Over the years doctors and scientists have debunked the myth that pregnant women shouldn't exercise. In fact, as long as a pregnant woman is in general good health, her doctor will recommend she remain physically active throughout her pregnancy. Of course, a pregnant woman should always consult her doctor to ensure she is in good health, but typically if a woman is physically active before pregnancy, there should be no issues remaining physically active during pregnancy.
While it can often be hard to summon the energy to exercise while pregnant, a new study is suggesting that exercising during pregnancy is not only good for the mother but may help the baby in the long run as well.
Jun Seok Son is a doctoral student at the Washington State University who conducted the study that compared the offspring born to mice who performed 60 minutes of moderate exercise daily during pregnancy to a control group of offspring of mice who didn't exercise during pregnancy. The results of the study found that the offspring born to the mice who exercised during their pregnancy were less likely to gain weight as they grew older, even when fed a high-fat diet, Science Daily reports.
Once the mice were weaned, they were fed a high-fat diet for eight weeks. Researchers noted that the offspring of the mice who exercised during pregnancy gained less weight than the control group and were also in better health.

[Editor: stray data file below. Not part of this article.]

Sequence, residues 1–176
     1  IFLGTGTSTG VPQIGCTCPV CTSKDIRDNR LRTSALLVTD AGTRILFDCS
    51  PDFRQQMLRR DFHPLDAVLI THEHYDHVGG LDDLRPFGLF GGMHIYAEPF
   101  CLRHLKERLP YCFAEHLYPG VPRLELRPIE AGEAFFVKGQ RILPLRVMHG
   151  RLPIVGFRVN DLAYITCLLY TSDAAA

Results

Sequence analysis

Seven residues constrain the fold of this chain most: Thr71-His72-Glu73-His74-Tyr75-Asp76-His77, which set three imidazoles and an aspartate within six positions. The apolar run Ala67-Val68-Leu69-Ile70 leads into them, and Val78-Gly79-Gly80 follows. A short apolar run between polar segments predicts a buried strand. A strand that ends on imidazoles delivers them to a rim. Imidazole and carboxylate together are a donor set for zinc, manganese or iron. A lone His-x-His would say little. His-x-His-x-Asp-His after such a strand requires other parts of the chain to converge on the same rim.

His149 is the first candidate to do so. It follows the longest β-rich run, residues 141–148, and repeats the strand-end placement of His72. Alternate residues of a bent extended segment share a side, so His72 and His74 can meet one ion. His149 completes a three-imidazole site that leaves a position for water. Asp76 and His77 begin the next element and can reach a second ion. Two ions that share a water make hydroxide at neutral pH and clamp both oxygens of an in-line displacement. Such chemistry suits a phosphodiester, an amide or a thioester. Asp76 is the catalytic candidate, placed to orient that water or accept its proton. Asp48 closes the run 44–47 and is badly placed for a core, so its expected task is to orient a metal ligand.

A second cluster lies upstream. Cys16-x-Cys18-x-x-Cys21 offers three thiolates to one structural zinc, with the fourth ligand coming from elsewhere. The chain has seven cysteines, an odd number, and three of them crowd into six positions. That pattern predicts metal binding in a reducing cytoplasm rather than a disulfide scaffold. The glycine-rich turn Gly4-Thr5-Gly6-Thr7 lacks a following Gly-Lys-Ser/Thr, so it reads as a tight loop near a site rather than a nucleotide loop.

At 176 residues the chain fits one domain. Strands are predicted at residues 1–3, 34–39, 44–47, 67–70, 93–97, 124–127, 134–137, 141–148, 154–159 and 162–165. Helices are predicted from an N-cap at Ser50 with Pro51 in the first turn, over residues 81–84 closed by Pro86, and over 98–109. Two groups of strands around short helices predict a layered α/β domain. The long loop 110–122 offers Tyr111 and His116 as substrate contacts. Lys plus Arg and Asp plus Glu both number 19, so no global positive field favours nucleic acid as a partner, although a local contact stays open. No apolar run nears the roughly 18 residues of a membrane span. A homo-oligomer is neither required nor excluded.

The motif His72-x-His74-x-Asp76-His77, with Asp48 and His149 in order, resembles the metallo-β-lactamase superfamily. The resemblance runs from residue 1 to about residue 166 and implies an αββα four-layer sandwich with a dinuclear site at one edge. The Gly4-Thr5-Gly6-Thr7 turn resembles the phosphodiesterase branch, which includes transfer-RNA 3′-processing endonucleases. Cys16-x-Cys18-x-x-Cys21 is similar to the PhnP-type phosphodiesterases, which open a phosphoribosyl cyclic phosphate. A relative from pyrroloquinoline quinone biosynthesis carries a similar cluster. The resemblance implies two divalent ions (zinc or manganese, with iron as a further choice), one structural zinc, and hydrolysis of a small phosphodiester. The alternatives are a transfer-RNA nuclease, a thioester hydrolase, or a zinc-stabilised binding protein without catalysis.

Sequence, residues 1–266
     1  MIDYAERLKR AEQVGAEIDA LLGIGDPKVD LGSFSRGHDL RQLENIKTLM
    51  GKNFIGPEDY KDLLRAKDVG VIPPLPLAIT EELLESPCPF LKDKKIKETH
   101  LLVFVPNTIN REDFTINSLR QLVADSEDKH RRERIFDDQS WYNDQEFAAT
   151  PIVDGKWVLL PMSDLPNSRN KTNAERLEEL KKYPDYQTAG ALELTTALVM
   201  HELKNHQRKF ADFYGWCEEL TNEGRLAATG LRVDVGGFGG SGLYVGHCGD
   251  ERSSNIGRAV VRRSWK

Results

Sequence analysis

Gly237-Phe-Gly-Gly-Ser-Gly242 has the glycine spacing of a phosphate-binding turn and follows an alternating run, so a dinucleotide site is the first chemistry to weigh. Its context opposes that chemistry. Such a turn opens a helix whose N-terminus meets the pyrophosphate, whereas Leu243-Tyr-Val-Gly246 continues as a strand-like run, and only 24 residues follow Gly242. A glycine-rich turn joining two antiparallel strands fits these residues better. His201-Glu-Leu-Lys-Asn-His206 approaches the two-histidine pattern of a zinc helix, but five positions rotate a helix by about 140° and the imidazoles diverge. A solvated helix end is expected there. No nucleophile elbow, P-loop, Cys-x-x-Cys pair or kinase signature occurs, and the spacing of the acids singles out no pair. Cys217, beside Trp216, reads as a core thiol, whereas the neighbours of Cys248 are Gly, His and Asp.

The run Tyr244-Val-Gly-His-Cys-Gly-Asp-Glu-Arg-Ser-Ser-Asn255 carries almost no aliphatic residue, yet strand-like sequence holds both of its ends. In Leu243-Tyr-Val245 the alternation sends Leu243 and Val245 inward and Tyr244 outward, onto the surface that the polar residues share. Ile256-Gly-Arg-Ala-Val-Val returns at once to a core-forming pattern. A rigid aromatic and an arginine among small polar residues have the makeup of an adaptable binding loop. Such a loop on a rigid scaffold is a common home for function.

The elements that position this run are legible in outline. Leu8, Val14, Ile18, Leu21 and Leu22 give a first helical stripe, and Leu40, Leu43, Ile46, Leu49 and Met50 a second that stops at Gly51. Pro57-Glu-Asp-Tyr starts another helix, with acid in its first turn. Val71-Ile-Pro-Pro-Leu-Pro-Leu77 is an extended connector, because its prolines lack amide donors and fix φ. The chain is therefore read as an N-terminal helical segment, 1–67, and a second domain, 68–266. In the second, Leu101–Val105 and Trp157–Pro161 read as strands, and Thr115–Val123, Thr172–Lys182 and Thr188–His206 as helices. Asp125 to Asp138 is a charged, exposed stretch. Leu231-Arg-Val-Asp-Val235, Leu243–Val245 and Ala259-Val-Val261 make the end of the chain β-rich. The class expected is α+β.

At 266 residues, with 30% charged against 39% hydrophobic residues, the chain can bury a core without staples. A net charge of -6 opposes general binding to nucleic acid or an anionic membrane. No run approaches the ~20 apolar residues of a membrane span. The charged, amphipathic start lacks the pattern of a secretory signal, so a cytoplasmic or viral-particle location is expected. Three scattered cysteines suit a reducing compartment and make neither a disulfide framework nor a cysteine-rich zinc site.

"Based on our findings, we recommend that women -- whether or not they are obese or have diabetes -- exercise regularly during pregnancy because it benefits their children's metabolic health," Son said.
Research has already shown the positive effects of exercising during pregnancy can have on a pregnant woman. Moderate exercise during pregnancy can help prevent excessive weight gain, and now this study shows it can also possibly help with the health of the unborn child.
"Our data suggest that the lack of exercise in healthy women during pregnancy can predispose their children to obesity and associated metabolic diseases partially through impairing thermogenic function," Son added.
Son plans on doing further research to "better understand the biological mechanisms responsible for the improved metabolic health in offspring of mothers who exercised." While this study may have been on mice, it does make sense that the health of an expectant mother would affect the health of the unborn child. The American College of Obstetricians and Gynecologists recommends pregnant women remain active upon the approval of their doctor throughout their pregnancy, stating that exercise has been shown to be beneficial to most women, and now it seems it also benefits their unborn baby.